Looking at protein folders A recent Nature letter looks at the properties of human protein folders and how they can design better programs to do it automatically (Photo taken by Thomas Tu) My mother was always vaguely disdainful of me playing computer games as a child (… and as an adult). But it turns out [...]... Read more »

Cooper, S., Khatib, F., Treuille, A., Barbero, J., Lee, J., Beenen, M., Leaver-Fay, A., Baker, D., Popović, Z., & players, F. (2010) Predicting protein structures with a multiplayer online game. Nature, 466(7307), 756-760. DOI: 10.1038/nature09304  

  • August 10, 2010
  • 02:02 PM

Hauser Of Cards

by Neuroskeptic in Neuroskeptic

A major scandal looks to be in progress involving Harvard Professor Marc Hauser, a psychologist and popular author whose research on the minds of chimpanzees and other primates is well-known and highly respected. The Boston Globe has the scoop and it's well worth a read (though you should avoid reading the comments if you react badly to stupid.)Hauser's built his career on detailed studies of the cognitive abilities of non-human primates. He's generally argued that our closest relatives are smar........ Read more »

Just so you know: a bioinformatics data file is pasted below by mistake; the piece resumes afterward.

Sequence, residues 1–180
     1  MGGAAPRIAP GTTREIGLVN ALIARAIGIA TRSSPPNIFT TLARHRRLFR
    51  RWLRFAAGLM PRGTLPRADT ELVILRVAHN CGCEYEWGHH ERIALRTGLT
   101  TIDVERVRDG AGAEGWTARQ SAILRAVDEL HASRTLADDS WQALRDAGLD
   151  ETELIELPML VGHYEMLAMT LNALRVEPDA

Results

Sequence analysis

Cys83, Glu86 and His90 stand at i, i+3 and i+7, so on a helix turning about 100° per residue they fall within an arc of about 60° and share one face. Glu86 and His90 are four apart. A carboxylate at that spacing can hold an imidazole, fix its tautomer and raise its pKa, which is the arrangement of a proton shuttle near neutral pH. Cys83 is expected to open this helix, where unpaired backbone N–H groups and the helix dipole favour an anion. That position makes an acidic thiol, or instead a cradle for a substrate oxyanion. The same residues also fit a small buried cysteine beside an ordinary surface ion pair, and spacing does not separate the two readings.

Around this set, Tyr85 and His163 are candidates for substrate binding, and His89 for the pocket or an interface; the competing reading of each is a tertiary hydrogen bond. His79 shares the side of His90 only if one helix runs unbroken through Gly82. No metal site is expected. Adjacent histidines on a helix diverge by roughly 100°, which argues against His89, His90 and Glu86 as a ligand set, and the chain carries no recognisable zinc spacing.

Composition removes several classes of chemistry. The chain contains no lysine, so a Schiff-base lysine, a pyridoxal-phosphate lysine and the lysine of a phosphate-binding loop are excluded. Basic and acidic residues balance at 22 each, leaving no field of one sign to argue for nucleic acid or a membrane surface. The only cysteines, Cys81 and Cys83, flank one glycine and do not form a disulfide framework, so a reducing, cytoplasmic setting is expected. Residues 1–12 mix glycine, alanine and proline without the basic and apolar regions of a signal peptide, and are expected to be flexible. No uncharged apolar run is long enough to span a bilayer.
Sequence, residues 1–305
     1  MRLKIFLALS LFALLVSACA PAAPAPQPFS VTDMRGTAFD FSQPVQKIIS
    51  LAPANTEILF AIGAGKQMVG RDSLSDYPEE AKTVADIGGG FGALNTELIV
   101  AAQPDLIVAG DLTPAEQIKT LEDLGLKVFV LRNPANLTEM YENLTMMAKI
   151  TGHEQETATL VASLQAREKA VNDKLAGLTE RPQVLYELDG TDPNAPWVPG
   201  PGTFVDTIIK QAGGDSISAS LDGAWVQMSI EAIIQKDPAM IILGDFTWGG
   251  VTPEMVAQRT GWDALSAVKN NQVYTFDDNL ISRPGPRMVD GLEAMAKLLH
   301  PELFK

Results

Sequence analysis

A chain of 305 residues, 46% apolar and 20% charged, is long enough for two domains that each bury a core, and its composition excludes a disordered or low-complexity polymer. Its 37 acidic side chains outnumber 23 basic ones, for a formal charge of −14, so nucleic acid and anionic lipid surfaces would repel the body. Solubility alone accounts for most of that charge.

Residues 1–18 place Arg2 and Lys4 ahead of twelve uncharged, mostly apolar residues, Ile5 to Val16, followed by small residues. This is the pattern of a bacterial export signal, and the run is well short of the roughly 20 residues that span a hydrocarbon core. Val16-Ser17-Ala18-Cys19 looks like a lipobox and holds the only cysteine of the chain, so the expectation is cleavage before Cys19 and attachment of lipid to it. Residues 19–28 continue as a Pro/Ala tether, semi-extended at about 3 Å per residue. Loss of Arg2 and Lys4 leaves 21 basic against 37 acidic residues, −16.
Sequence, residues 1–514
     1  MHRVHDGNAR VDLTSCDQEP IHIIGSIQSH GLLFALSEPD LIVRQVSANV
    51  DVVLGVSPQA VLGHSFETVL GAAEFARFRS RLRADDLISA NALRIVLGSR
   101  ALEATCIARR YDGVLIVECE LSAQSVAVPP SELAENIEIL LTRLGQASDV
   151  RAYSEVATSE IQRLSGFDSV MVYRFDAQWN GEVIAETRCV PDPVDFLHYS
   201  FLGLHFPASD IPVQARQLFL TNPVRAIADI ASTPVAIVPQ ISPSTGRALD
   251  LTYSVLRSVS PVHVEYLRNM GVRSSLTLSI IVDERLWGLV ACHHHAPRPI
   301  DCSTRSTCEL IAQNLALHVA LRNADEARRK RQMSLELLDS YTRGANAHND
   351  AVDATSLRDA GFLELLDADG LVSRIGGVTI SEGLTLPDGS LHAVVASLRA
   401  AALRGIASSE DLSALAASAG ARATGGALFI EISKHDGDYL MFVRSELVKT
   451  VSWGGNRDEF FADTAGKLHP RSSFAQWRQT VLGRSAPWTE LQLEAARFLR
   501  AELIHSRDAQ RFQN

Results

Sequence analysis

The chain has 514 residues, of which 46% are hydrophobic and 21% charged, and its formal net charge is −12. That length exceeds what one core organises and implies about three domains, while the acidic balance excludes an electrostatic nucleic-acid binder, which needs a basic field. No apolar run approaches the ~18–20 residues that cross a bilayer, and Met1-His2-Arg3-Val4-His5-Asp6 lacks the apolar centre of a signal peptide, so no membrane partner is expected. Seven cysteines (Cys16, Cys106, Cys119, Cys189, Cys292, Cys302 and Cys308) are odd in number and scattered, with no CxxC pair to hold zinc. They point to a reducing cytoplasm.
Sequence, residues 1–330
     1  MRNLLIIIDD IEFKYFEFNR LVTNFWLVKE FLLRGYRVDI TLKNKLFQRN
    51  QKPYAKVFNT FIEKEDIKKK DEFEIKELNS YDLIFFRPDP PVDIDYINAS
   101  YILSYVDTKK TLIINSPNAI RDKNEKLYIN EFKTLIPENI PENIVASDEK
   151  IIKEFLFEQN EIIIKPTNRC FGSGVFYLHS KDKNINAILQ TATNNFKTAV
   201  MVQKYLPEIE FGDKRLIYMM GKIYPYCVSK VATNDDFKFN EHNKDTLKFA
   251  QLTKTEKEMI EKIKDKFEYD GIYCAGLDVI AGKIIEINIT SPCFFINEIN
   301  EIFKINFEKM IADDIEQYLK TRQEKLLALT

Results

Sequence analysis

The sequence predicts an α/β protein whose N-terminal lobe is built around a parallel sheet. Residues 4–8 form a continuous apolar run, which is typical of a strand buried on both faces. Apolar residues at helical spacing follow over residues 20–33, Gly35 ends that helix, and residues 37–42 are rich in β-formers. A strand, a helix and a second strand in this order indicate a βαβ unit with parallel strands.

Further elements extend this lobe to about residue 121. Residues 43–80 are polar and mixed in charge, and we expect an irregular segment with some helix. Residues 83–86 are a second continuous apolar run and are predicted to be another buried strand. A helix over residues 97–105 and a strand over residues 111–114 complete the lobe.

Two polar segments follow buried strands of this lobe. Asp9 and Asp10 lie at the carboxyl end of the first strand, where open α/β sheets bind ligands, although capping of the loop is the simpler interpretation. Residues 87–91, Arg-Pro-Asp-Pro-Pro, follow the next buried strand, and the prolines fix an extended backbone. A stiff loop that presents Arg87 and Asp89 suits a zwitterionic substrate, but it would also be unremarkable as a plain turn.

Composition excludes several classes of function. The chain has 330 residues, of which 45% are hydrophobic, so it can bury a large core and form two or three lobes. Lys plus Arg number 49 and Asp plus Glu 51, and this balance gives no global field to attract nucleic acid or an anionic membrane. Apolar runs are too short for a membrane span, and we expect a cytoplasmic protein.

Hauser MD, Weiss D, & Marcus G. (2002) Rule learning by cotton-top tamarins. Cognition, 86(1). PMID: 12208654  

Hauser MD, Glynn D, & Wood J. (2007) Rhesus monkeys correctly read the goal-relevant gestures of a human agent. Proceedings. Biological sciences / The Royal Society, 274(1620), 1913-8. PMID: 17540661  

Wood JN, Glynn DD, Phillips BC, & Hauser MD. (2007) The perception of rational, goal-directed action in nonhuman primates. Science (New York, N.Y.), 317(5843), 1402-5. PMID: 17823353  

Hauser MD, Kralik J, Botto-Mahan C, Garrett M, & Oser J. (1995) Self-recognition in primates: phylogeny and the salience of species-typical features. Proceedings of the National Academy of Sciences of the United States of America, 92(23), 10811-14. PMID: 7479889